The Designer Of The Lotus Elise Just Dropped New Artwork In The Shop
Julian Thomson is devoted to making cars look good. Whether this manifests in the latest crop of cats from Jaguar (Thomson is Jaguar’s Director of Advanced Design) or in his series of vintage-aspired artwork, every aesthetic path he takes yields something special for his efforts. As a student, he focused on vehicle design at the Royal College of Art, and since graduating he’s been involved with design teams at manufacturers like Ford, VW, Audi, and Lotus. Since 2010 he’s been part of the guiding force behind Jaguar Land Rover’s production and concept vehicles along with design director Ian Callum.
Thomson is a well-regarded designer in the international community, but his legacy will surely rest on his contributions to the British motoring world in particular. He is perhaps best known for designing the first generation of the Lotus Elise, and though it’s hard to top that in terms of popularity, his less-prominent work deserves your attention too.
It’s hard to imagine where he finds the time to create art after spending his days at Jaguar, but he does manage it, and he spends those hours producing unique, colorful, distinctive artwork that captures icons of vintage motorsport with a fresh perspective. You know these shapes well, have memorized their forms down to the smallest curves and kinks, but Thomson’s presentation offers a novel view of these cars that we’ve so long ago seared into memory. We’re proud to offer a selection of his work in the Shop, for each piece is an interesting blend of technicality and artistry, much like the cars themselves.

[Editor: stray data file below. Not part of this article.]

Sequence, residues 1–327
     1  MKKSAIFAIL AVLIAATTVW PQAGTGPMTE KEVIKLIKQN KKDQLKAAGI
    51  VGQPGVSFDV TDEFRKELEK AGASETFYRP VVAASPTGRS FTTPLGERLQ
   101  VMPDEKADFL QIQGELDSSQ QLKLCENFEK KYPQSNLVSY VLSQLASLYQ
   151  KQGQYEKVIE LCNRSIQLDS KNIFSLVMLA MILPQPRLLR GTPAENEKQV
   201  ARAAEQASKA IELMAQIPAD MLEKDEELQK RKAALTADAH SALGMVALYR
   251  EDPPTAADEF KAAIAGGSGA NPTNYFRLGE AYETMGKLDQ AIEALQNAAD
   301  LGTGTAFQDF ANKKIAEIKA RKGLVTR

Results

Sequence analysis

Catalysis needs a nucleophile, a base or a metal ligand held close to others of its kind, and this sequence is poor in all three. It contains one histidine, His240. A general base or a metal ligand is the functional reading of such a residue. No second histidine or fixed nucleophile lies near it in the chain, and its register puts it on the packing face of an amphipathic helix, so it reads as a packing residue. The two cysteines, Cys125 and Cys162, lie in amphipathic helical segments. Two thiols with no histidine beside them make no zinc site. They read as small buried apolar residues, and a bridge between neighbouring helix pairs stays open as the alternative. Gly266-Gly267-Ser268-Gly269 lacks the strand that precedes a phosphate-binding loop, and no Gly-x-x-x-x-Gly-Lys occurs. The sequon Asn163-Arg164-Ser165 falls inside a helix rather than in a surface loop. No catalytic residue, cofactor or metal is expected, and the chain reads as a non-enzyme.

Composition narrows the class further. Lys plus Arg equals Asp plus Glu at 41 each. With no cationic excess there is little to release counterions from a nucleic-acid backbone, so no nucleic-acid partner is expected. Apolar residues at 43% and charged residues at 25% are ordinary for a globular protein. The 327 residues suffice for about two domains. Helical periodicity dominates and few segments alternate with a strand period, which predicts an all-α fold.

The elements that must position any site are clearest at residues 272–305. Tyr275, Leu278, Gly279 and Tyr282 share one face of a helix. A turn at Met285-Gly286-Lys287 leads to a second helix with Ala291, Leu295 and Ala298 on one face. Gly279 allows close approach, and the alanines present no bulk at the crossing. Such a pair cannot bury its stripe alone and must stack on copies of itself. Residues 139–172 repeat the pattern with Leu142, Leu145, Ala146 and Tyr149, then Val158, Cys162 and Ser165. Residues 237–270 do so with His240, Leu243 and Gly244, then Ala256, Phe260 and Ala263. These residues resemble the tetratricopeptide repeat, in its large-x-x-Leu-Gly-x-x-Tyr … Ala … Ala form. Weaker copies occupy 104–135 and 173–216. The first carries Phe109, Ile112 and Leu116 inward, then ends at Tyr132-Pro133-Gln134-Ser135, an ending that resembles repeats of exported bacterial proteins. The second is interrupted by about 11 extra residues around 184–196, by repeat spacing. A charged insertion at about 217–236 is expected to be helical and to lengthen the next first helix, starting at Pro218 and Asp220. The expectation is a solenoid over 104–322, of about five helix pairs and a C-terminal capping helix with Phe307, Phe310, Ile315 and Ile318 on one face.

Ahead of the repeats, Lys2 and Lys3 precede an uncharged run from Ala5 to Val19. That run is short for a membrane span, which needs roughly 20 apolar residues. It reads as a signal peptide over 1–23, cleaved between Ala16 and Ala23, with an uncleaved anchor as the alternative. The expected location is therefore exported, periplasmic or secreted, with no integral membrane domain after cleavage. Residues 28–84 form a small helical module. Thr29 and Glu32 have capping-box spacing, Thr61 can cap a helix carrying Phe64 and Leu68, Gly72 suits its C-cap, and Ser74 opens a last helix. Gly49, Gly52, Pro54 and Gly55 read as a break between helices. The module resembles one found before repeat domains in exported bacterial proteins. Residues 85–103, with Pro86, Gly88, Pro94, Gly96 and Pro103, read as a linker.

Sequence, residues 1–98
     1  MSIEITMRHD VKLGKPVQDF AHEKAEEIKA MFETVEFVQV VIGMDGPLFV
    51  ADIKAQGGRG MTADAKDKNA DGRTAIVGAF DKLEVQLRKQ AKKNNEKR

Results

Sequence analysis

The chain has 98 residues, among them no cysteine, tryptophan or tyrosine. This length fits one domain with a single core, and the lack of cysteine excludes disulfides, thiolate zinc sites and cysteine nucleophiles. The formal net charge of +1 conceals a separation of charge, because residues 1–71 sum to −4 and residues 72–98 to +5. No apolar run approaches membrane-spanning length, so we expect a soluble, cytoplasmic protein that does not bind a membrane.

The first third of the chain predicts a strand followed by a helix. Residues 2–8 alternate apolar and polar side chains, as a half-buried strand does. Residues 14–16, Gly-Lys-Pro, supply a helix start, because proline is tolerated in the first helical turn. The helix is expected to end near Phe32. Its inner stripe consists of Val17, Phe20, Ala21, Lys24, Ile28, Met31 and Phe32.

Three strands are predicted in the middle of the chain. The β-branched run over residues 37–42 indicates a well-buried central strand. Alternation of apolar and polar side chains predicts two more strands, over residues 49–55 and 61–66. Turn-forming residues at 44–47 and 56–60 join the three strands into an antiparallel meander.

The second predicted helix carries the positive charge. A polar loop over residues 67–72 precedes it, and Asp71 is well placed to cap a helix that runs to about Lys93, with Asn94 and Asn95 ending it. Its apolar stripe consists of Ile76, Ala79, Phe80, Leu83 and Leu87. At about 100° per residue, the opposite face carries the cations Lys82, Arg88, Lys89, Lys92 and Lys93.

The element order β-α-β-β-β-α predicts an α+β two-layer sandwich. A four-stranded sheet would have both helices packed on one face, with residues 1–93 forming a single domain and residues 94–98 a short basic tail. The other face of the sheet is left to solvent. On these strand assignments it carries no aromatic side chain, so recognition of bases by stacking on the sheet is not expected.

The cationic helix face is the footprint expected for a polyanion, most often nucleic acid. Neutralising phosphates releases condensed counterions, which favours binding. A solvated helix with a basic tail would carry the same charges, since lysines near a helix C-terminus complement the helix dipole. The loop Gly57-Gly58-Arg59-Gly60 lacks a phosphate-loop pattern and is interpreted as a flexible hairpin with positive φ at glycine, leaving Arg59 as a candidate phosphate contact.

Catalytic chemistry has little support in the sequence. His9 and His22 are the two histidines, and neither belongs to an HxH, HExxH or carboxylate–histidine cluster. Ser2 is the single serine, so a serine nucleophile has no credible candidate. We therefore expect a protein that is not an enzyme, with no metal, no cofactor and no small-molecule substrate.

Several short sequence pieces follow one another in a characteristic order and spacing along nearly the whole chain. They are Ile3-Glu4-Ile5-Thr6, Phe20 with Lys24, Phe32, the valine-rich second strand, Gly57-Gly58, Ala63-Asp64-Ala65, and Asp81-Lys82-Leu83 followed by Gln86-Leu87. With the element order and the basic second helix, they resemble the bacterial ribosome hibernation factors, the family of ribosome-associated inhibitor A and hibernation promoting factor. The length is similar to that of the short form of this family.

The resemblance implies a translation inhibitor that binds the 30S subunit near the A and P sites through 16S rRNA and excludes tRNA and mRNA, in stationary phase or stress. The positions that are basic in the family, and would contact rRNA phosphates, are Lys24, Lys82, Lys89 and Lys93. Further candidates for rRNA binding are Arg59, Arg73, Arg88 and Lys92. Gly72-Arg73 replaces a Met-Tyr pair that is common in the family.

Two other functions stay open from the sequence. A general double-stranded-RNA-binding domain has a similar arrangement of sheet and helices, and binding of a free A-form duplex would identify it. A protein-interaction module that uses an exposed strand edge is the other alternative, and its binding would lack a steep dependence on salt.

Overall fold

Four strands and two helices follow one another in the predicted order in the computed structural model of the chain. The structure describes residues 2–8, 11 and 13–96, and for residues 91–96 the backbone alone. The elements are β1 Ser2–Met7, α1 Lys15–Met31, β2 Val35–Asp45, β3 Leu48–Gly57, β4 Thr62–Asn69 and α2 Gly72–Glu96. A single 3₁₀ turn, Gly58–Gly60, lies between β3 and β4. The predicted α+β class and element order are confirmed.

The top-down angles on the Porsche Turbo, Ford GT40, Jaguar XKE, and Ferrari 250 GTO appear as if a pop artist got his hands on some technical drawings and the brightest pigments from Pantone to play with. The first thing you might notice is that the subjects in this series have a sketch-like blueprint quality to them, what with their architectural levels of proportional accuracy and details like superimposed axles and the inclusion of just about every seam line. They evoke mathematics, wind tunnels, careful and rigorous work. Then, on top of these precise aerial outlines, Thomson applies big slashes of vibrant color to provide both literal and figurative contrast. There’s nothing random about it though, as the choice of hues hints at the racing pedigrees and origins of these machines, and the vertical orientation of the stripes reinforces the symmetry.
The result is striking and saturated, precise but exciting. They feature cars, but the pieces are far from “man cave”-quality art that only belongs in the garage. In the same way people pay millions to have Campbell’s Soup cans on their living room walls, this collection brings loud color and geometric precision together with harmony, especially taken as a set of four. You can purchase the full collection from the Petrolicious Shop, or just pick out your favorite to give your blank walls something to do.